Rudi’s View: Link Admin, Clinuvel Pharma & Altium

rudi-views
Always an independent thinker, Rudi has not shied away from making big out-of-consensus predictions that proved accurate later on. When Rio Tinto shares surged above $120 he wrote investors should sell. In mid-2008 he warned investors not to hold on to equities in oil producers. In August 2008 he predicted the largest sell-off in commodities stocks was about to follow. In 2009 he suggested Australian banks were an excellent buy. Between 2011 and 2015 Rudi consistently maintained investors were better off avoiding exposure to commodities and to commodities stocks. Post GFC, he dedicated his research to finding All-Weather Performers. See also "All-Weather Performers" on this website, as well as the Special Reports section.

Rudi's View | May 17 2019

In this week's Weekly Insights (this is Part Two):

-All About Dividends
-Royal Commission: Ongoing Impact
-Quote Of The Week

-No Weekly Insights Next Week
-FNArena's Corporate Reporting Monitor

-June Rebalance For ASX200 Index
-Conviction Calls (with update)
-Rudi On Tour
-AIA Conference Special


[Non-highlighted parts appeared in Part One on Thursday]

By Rudi Filapek-Vandyck, Editor FNArena

Royal Commission: Ongoing Impact

A recent encounter with an industry veteran has taught me the domestic industry of funds managers and financial planners is most likely facing even more upheaval and transformation than I had assumed previously - see also Weekly Insights last week, "Value & The Eye Of The Beholder".

On one hand we have the cohort of aging pensioners and retirees who, faced with Labor's new franking ideas and low returns in general, will be eying further reduction in costs, where possible. This points to direct shares ownership or ETFs, but certainly away from actively managed funds whose costs are higher and not necessarily offering a better return (certainly not for income oriented investors).

On the other hand, there already is pressure on financial planners to lower the costs of managing the income generating capital. Since financial planners like to retain their own margin, here too a trend is being established towards ETFs, away from actively managed funds.

Thirdly, industry super funds are also taking another look at their costs and allocation of funds with outside managers. Their problem is the size of the Australian share market, which remains rather small, in particular at the top. In practice, this translates into lots of overlap in share ownership between internal and external managers, as well as between the external managers.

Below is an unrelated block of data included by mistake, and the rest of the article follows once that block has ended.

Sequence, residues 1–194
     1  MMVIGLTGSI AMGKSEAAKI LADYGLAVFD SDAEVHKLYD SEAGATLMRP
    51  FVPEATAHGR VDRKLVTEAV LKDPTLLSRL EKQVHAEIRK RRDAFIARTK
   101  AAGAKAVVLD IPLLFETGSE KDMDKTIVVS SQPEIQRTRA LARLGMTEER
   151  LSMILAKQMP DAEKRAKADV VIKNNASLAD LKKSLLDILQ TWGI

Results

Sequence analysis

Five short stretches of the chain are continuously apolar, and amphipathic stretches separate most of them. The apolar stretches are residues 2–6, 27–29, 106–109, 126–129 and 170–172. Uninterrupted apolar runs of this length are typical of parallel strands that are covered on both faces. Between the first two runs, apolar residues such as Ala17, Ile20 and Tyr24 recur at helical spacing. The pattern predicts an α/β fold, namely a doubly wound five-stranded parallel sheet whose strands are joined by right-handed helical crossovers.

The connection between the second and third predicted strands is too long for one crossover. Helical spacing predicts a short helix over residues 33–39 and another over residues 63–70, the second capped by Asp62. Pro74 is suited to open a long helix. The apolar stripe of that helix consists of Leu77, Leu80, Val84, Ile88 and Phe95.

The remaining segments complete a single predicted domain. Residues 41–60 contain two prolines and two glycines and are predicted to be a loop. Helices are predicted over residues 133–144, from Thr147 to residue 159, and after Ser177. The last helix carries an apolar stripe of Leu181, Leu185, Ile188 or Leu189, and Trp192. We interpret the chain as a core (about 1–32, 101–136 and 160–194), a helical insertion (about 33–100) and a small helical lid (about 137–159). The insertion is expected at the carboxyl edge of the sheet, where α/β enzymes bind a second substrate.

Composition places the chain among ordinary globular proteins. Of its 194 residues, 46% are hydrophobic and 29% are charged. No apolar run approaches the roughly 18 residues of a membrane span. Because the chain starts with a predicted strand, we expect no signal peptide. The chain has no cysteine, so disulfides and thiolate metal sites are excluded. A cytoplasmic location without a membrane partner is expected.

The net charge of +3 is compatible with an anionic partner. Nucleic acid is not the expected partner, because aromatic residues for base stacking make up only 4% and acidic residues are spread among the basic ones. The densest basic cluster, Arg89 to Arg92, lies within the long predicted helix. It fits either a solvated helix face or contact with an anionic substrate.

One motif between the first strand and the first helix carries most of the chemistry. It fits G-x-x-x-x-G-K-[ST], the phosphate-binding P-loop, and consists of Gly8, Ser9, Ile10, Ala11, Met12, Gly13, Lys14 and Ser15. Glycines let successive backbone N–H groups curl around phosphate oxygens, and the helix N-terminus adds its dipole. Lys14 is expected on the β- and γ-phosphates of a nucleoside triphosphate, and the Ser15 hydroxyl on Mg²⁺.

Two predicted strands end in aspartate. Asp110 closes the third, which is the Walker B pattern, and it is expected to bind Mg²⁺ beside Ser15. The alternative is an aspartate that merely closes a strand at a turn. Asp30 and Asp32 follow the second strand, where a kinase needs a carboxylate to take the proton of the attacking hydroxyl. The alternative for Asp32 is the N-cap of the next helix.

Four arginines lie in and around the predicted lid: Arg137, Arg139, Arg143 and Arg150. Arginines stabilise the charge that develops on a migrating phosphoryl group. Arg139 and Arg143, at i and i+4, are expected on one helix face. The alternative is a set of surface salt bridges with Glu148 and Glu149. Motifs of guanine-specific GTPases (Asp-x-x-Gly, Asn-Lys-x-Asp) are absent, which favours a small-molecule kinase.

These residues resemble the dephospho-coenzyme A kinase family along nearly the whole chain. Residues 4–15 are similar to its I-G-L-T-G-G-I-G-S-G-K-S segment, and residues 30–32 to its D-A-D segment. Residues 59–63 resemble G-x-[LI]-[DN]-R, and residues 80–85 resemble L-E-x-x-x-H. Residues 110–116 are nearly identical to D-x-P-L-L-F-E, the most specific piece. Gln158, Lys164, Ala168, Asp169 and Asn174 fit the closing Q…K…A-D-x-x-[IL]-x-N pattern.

Meanwhile, Australian investors continue to redirect funds away from retail funds, owned by AMP ((AMP)) and the banks, or otherwise. Here the winners are industry funds. Recent data suggest a cumulative $7.5bn in funds flowed out of AMP, National Australia Bank ((NAB)), Westpac/BT ((WBC)) and ANZ Bank ((ANZ)) in the six months to March 2019.

Morgan Stanley's industry sources suggest many industry funds are budgeting for similar flows out of retail funds and under their management in the six months ahead. Underlying growth in membership for industry funds has lifted post Royal Commission to more than 3.5% from less than 1% previously. This is a sizable step up.

One of the obvious beneficiaries of the latter trend should be Link Administration ((LNK)) whose share price has been creeping up from a low near $6.40 in December to $7.80 more recently. Morgan Stanley estimates every new member of an industry fund whose member accounts are administered by Link translates into an extra $50 per annum in revenues.

While this doesn't sound like much, the analysts add 3% growth in membership thus means $10m extra for Link, which equals in excess of 4% of the company's earnings.

Link Administration is included in my personal selection of All-Weather Performers (see website) and has been part of the FNArena/Vested Equities All-Weather Model Portfolio for quite a while (with the intention of keeping it there for much longer).


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